Chapter 18

Degeneracy pressure is the source of the pressure that stops the crush of gravity in all the following EXCEPT
a. a neutron star.
b. a white dwarf.
c. a very massive main-sequence star.
d. a brown dwarf.
e. the central core of the Sun after hydrogen fusion ceases but before helium fusion begins.
A very massive main-sequence star
White dwarfs are so called becauseThey are both very hot and very small
Which of the following is closest in mass to a white dwarf?the Sun
Why is there an upper limit to the mass of a white dwarf?The more massive the white dwarf, the greater the degeneracy pressure and the faster the speeds of its electrons. Near 1.4 solar masses, the speeds of the electrons approach the speed of light, so more mass cannot be added without breaking the degeneracy pressure.
What is the ultimate fate of an isolated white dwarf?It will cool down and become a cold black dwarf.
What kind of pressure supports a white dwarf?electron degeneracy pressure
Suppose a white dwarf is gaining mass because of accretion in a binary system. What happens if the mass someday reaches the 1.4-solar-mass limit?The white dwarf undergoes a catastrophic collapse, leading to a type of supernova that is somewhat different from that which occurs in a massive star but is comparable in energy.
What is the upper limit to the mass of a white dwarf?1.4 solar masses
Which of the following is closest in size (radius) to a white dwarf?Earth
What kind of star is most likely to become a white-dwarf supernova?a white dwarf star with a red giant binary companion
Observationally, how can we tell the difference between a white-dwarf supernova and a massive-star supernova?The spectrum of a massive-star supernova shows prominent hydrogen lines, while the spectrum of a white-dwarf supernova does not.
After a massive-star supernova, what is left behind?either a neutron star or a black hole
What is the upper limit to the mass of a neutron star?There is an upper limit less than 3 solar masses, but we do not yet know precisely what it is.
Which of the following is closest in size (radius) to a neutron star?
a. 1 solar mass
b. 1.4 solar masses
c. There is no upper limit.
d. There is an upper limit less than 3 solar masses, but we do not yet know precisely what it is.
e. precisely 2 solar masses
d. There is an upper limit less than 3 solar masses, but we do not yet know precisely what it is.
Which of the following is closest in size (radius) to a neutron star?
a. a football stadium
b. a city
c. Earth
d. a basketball
e. the Sun
b. A city
From an observational standpoint, what is a pulsar?An object that emits flashes of light several times per second or more, with near perfect regularity
What causes the radio pulses of a pulsar?As the star spins, beams of radio radiation sweep through space. If one of the beams crosses Earth, we observe a pulse.
From a theoretical standpoint, what is a pulsar?A rapidly rotating neutron star
What is the basic definition of a black hole?Any object from which the escape velocity exceeds the speed of light
How does the gravity of an object affect light?Light coming from a compact massive object, such as a neutron star, will be redshifted.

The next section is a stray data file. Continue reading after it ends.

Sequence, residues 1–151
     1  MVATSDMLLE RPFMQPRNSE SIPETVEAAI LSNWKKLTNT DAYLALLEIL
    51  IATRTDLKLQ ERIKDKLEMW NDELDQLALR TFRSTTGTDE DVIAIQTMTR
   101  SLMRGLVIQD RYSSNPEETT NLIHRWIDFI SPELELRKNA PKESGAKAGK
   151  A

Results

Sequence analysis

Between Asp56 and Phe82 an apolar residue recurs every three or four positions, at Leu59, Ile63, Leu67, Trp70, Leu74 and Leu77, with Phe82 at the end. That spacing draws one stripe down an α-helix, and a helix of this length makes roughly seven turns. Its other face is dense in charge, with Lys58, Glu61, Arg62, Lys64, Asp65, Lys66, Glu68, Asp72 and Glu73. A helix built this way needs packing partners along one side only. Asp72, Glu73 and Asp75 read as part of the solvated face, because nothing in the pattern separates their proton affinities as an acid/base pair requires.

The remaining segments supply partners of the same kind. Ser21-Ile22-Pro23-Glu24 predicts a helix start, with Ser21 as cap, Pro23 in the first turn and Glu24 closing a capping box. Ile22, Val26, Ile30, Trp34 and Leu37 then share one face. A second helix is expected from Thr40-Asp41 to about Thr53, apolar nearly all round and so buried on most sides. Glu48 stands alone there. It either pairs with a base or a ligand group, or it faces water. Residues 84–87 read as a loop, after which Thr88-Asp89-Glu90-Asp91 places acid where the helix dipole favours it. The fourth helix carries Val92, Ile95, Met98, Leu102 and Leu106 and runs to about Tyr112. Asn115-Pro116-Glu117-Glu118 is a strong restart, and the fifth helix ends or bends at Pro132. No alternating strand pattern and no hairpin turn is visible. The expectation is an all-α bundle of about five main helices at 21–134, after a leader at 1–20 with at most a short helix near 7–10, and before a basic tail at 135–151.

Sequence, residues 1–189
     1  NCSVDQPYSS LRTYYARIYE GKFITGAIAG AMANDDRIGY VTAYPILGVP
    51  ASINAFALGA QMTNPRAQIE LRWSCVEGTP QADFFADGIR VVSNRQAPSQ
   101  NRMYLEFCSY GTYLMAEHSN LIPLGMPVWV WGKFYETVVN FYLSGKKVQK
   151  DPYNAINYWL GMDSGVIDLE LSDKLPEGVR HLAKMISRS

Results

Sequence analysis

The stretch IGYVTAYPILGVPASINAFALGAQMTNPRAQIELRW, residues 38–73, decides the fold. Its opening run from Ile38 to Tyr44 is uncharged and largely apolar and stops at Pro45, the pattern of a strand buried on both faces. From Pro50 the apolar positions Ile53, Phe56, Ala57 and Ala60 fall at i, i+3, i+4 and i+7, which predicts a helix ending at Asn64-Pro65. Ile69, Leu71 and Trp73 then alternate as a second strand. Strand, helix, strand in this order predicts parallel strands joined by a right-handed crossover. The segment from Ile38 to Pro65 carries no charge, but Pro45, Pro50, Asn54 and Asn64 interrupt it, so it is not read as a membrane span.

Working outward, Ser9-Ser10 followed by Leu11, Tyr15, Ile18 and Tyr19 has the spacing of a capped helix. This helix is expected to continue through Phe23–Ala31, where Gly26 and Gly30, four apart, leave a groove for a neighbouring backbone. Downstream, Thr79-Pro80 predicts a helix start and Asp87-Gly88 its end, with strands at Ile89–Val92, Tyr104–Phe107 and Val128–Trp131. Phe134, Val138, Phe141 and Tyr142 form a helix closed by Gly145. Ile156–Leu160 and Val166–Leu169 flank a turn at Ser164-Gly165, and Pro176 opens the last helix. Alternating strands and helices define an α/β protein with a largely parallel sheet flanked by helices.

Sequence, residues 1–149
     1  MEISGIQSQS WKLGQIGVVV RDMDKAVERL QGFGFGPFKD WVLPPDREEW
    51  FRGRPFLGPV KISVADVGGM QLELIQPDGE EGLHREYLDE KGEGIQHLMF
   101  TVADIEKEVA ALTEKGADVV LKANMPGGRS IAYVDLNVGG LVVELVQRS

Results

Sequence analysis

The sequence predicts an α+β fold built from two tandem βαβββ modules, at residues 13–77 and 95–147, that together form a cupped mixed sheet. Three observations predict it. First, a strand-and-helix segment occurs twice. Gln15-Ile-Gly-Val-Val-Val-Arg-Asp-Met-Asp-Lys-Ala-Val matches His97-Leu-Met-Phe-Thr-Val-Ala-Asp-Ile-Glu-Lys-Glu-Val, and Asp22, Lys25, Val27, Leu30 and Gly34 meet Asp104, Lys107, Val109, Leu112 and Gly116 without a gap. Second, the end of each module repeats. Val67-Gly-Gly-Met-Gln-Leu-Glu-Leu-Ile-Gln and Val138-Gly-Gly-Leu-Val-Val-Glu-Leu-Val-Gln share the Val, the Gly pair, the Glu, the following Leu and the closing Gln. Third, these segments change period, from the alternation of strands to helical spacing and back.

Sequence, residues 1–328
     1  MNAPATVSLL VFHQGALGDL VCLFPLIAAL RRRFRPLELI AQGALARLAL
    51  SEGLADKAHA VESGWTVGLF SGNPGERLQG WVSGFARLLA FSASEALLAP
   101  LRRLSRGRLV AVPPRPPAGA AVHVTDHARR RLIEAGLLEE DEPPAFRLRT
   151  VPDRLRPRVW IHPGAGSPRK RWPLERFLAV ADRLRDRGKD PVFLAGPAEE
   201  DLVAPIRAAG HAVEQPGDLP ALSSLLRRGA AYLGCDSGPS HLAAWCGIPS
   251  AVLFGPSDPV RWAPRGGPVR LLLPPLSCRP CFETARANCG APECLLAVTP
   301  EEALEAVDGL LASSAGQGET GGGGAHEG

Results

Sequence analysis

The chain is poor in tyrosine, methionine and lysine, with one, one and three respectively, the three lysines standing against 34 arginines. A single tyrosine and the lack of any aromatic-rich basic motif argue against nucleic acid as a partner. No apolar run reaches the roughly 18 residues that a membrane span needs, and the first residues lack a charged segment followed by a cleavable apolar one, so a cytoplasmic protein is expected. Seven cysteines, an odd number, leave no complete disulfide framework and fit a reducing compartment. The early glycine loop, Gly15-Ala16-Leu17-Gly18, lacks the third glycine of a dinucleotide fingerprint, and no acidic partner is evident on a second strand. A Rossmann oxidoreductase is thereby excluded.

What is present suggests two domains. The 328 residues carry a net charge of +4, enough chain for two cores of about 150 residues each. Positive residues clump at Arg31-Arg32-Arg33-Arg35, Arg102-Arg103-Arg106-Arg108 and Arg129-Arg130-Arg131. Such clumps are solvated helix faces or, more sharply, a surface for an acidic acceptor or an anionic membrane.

How does a black hole form from a massive star?During a supernova, if a star is massive enough for its gravity to overcome neutron degeneracy of the core, the core will be compressed until it becomes a black hole.
What do we mean by the singularity of a black hole?It is the center of the black hole, a place of infinite density where the known laws of physics cannot describe the conditions.
If you were to come back to our Solar System in 6 billion years, what might you expect to find?d. a white dwarf
Brown dwarfs, white dwarfs, and neutrons stars are all kept from collapsing by degeneracy pressure.True
The upper limit to the mass of a white dwarf is 1.4 solar masses.True
More massive white dwarfs are smaller than less massive white dwarfsTrue
Our Sun will likely undergo a nova event in about 5 billion years.True
All pulsars are neutron stars, but not all neutron stars are pulsars.True
All massive-star supernovae leave behind black holes as remnants.False
Which of these objects has the smallest radius?
a. a 1.2MSunwhite dwarf
b. a 0.6MSun white dwarf
c. Jupiter
a. a 1.2MSun white dwarf
Which of these objects has the largest radius?
a. a 1.2MSun white dwarf
b. a 1.5MSun neutron star
c. a 3.0MSun black hole
a. a 1.2MSun white dwarf
What would happen to a neutron star with an accretion disk orbiting in a direction opposite to the neutron star’s spin?Its spin would slow down.
Where do gamma-ray bursts tend to come from?Extremely distant galaxies
If you were inside the rocket that falls toward the event horizon, you would notice your own clock to be running __________.At a constant, normal rate as you approach the event horizon
If you were inside the rocket that falls toward the event horizon, from your own viewpoint you would __________.Accelerate as you fall and cross the event horizon completely unhindered
What is the Schwarzschild radius of a 267 million-solar-mass black hole? The mass of the Sun is about 2×10^30kg, and the formula for the Schwarzschild radius of a black hole of mass M is:

Rs=(2GM/c^2) (G= (6.67×10^−11) m^3/(kg×s2); c=3×10^8m/s)

800 million km
Calculate the Schwarzschild radius (in kilometers) for each of the following:

A 2×10^8 MSun black hole in the center of a quasar.

RSchwarzschild = 6.0×108km
Calculate the Schwarzschild radius (in kilometers) for each of the following:

A 6 MSun black hole that formed in the supernova of a massive star.

RSchwarzschild = 18 km
Calculate the Schwarzschild radius (in kilometers) for each of the following:

A mini-black hole with the mass of the Moon.

RSchwarzschild = 1.1×10−7 km